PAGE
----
"When Enable drop directory quota is selected, the SMTP service limits the size of your drop directory to 10 times the size specified by the Limit message size to (KB) setting.
Exceeding this quota will generate a 452 4.2.2 Mailbox Full entry in the protocol log."
does not stop receiving more Mails.
How can I set up to reject undeliverable Mails (no Mailbox or Mailbox full) and send an Error Message back to the Sender? Such Messages should be not received to make no Traffic and the Drop Directory remains blank.
TJ: I don't exactly understand the scenario you're in. Exchange does offer the feature you're asking for. If you set on the POP service that users are using "rich text", then it will encapsulate calendaring items within a TNEF attachment, which Outlook can use to turn it back into a meeting request or whatever.
And yes it would be nice to enforce "leave mail on server for X days" on the server, but I'm afraid that even if we did add a new extension to communicate that to the client, there are no clients that would understand it.
Sethalon: interesting point about the RAM requirement.
Lutz: that is a good question. I would expect that the SMTP drop directory quota would have no effect on POP mailboxes, because they are entirely different things. When mail is delivered to a POP mailbox, it never reaches the SMTP drop directory, the POP service "intercepts" it. (well to be honest it installs a hook into the SMTP service to make the SMTP service deliver it to the mailbox instead of putting it in the drop directory, but the effect is the same) Is there a quota setting on the mailbox from within the POP admin? I don't have a Windows Server machine available to me at the moment so I can't check myself, but if there are no quota settings in the POP service admin, then I suspect that feature is just missing.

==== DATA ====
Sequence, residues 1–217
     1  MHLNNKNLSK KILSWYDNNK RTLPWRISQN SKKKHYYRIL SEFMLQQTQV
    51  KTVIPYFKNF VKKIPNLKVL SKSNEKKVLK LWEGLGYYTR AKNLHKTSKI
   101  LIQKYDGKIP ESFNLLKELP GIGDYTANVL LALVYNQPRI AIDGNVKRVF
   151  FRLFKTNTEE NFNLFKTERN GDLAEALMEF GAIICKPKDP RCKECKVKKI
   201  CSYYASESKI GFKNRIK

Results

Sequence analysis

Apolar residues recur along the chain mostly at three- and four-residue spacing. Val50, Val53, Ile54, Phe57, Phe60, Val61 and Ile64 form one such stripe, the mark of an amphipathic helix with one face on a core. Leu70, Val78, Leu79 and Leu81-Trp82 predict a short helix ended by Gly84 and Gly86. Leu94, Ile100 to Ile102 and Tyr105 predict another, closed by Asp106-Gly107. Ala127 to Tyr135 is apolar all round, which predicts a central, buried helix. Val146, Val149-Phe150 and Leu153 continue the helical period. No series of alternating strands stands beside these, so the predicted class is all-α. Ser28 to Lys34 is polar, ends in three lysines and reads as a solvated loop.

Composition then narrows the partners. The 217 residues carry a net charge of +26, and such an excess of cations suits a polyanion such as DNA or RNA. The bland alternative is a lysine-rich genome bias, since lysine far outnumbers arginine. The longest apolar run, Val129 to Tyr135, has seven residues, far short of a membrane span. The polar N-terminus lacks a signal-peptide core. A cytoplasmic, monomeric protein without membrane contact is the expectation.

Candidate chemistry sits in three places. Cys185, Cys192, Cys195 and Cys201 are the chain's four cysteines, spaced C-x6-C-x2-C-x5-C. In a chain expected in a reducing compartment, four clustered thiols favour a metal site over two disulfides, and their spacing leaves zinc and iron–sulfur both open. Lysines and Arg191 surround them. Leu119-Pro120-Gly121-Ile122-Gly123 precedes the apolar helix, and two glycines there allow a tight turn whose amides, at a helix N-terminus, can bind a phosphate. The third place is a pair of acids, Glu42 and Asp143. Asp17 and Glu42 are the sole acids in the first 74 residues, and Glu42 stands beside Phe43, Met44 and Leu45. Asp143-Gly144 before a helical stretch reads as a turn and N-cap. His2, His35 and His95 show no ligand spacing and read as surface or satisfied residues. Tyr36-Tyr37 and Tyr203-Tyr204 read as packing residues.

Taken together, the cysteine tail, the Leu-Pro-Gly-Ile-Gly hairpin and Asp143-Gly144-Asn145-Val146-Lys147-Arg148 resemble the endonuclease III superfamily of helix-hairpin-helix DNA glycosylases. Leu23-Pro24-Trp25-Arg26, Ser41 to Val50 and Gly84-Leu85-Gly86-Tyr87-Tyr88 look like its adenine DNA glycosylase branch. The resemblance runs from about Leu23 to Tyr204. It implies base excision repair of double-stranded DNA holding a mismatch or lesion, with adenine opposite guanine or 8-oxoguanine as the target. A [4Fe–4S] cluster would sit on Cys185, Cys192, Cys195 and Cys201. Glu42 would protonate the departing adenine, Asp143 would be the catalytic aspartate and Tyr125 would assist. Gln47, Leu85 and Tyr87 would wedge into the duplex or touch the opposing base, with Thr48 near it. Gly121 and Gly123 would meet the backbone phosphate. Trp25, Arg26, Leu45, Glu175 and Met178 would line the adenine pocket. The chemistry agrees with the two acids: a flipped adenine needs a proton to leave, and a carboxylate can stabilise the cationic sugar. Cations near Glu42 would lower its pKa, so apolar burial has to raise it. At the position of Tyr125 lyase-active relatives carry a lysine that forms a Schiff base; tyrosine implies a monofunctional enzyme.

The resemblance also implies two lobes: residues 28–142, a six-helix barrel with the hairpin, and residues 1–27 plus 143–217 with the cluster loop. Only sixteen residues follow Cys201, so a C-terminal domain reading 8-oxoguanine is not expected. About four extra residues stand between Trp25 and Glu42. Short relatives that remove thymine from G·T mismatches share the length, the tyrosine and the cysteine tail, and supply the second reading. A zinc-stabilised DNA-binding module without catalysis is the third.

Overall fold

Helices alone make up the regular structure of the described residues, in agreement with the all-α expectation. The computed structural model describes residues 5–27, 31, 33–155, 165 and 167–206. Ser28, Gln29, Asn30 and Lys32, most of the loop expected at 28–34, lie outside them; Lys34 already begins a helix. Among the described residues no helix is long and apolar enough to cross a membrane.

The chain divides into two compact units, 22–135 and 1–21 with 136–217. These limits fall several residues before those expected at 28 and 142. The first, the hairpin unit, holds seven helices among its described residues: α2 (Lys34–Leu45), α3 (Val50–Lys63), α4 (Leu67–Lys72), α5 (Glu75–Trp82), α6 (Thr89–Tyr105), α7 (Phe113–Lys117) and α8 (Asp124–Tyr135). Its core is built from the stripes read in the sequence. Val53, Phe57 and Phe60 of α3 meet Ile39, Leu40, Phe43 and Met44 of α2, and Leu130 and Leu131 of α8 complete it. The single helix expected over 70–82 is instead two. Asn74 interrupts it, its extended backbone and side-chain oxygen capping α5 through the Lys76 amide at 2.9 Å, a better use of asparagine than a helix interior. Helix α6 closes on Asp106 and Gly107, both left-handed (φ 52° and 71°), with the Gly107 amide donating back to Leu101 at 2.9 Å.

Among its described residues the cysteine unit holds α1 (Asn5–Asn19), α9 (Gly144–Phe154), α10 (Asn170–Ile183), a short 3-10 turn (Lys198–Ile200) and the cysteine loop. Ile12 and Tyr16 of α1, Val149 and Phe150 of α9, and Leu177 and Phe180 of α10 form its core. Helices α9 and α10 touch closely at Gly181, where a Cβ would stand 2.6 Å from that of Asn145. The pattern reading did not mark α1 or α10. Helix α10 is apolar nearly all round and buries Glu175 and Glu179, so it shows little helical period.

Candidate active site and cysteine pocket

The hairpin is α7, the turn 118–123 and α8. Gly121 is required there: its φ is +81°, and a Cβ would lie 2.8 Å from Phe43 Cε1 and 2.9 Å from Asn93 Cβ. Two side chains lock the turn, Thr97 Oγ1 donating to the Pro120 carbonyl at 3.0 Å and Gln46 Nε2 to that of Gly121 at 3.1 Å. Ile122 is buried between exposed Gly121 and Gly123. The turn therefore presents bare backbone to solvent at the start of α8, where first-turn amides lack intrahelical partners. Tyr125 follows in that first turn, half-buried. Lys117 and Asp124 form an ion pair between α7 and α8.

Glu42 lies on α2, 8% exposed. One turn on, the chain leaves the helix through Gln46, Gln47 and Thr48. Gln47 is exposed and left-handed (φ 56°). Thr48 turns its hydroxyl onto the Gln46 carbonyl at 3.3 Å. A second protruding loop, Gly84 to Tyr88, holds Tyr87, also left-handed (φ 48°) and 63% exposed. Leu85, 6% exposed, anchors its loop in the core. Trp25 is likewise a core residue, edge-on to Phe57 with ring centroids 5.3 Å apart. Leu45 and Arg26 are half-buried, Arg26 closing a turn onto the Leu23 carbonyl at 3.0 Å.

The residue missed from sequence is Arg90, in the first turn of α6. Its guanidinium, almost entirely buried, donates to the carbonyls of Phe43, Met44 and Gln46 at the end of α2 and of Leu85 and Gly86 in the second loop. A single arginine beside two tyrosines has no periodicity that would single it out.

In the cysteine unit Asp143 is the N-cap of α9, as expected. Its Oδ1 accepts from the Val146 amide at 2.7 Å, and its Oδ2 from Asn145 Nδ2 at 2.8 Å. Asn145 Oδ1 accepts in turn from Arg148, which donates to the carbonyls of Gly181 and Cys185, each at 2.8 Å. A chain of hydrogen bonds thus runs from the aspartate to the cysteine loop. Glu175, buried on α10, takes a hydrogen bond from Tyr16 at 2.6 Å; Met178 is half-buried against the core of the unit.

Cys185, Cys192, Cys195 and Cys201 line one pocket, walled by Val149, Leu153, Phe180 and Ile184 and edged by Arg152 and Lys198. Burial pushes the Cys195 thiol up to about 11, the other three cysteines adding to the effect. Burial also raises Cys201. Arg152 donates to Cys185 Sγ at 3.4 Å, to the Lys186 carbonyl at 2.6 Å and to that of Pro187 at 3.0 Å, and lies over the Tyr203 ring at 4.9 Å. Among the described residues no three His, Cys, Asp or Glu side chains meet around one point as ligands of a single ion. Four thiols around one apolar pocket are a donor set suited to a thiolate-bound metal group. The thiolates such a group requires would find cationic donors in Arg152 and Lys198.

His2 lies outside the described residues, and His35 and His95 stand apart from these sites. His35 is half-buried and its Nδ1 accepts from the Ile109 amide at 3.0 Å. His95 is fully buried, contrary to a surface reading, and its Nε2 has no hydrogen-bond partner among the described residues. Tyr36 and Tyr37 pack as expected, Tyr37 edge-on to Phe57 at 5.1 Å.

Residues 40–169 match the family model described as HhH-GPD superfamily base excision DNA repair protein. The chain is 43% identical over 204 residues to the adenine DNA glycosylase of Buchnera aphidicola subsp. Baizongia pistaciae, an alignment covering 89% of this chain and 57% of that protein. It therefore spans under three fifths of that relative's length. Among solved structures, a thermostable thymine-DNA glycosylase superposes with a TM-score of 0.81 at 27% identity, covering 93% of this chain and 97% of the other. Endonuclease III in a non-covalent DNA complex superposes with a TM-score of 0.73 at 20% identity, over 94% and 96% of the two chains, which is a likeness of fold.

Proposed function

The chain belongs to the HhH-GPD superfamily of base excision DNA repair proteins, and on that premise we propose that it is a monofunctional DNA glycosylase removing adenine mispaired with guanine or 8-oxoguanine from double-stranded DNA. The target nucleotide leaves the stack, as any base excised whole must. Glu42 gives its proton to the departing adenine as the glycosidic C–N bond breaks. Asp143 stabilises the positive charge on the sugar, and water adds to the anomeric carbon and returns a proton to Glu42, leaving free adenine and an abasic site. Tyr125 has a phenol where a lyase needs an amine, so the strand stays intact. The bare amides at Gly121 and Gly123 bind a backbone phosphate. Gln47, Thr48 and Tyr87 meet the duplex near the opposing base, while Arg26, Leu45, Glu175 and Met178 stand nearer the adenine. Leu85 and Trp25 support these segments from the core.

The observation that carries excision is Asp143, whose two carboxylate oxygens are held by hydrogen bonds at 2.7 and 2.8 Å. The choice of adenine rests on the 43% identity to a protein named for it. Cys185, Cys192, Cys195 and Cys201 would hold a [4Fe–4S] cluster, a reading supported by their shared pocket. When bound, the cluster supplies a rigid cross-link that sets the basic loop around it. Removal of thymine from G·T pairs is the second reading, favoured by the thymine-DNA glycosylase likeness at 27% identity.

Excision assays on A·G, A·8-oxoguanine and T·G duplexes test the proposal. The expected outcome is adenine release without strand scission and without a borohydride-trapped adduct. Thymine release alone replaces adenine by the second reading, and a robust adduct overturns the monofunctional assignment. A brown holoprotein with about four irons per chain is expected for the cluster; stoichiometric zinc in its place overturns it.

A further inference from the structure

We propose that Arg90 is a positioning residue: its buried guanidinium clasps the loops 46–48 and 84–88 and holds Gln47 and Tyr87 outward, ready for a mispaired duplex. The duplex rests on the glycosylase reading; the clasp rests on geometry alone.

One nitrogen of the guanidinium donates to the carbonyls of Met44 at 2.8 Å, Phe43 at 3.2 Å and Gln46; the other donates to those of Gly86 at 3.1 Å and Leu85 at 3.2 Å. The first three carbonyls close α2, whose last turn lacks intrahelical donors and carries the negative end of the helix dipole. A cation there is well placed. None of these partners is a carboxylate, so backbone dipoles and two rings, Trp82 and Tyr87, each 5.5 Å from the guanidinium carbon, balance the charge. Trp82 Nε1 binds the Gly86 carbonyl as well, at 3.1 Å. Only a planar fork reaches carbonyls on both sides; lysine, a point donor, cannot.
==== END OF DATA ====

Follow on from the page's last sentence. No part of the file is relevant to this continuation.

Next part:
I would love to see a catch all mailbox facility built in.... You know... if it doesn't match the usernames that are configured... stick it in the email@example.com mailbox.
Paul: Yes, that seems especially important given that SMTP doesn't give an error in session when a mailbox doesn't exist. So I get spam (to a non-existent account), and SMTP accepts it. Tries to deliver it. Can't. Generates an NDR. Can deliver that, because either the sender domain must exist (as configured), or the mailbox is invalid. My BadMail and queue fill up with messages that can't be handled. Maintenance is very poor. I could write you a script to move any messages in Drop and put them in a specific folder. :-)
I'm just about to pull the plug on this, and use one of my linux boxes to do mail. This is a very much 1.0 solution, and waiting for Longhorn is out of the question. My job requires that I'm well versed in non-MS mail services, but I would really like to see Windows able to compete with *nix on this part. They've got a lot of lead time. Exchange is a great product, but I'm not up for the money/overhead for what it gets me.
I found this set of scripts that creates a single catch all account across all the domains that you run but its not exactly what I'm looking for as there is no capability of a catch all per domain....
Someone may find it useful though!
I tried to use Windows Server 2003's POP3/SMTP servers for an Extranet. We have a number of partners partners, etc, that we want to provide email for, but we do not want to use an Exchange license. The 3 different authentication methods were great, but we wanted the ability to choose which method per user. In other words, we had reason to allow internal users "extranet" email accounts, as well as partners. However, the server determined which method would be used, rather than the user.
Also, POP3 and SMTP did not use the same authentication methods, so when we secured the SMTP server, we blew apart security since it was no longer the same between POP3 (which we were running in password mode) and SMTP.
I really liked the fact that messages were individual files, rather than stored in a database. It made it much easier to backup. It also allowed me to double click on a message in Windows Explorer and read it with Outlook Express.
So what are Microsoft's plans for the POP3 service? Will it be developed any more? Is it just there for marketing or does MS really plan to offer it as a real alternative to free SMTP/POP3 on Linux?
Thanks, and thanks for having this blog!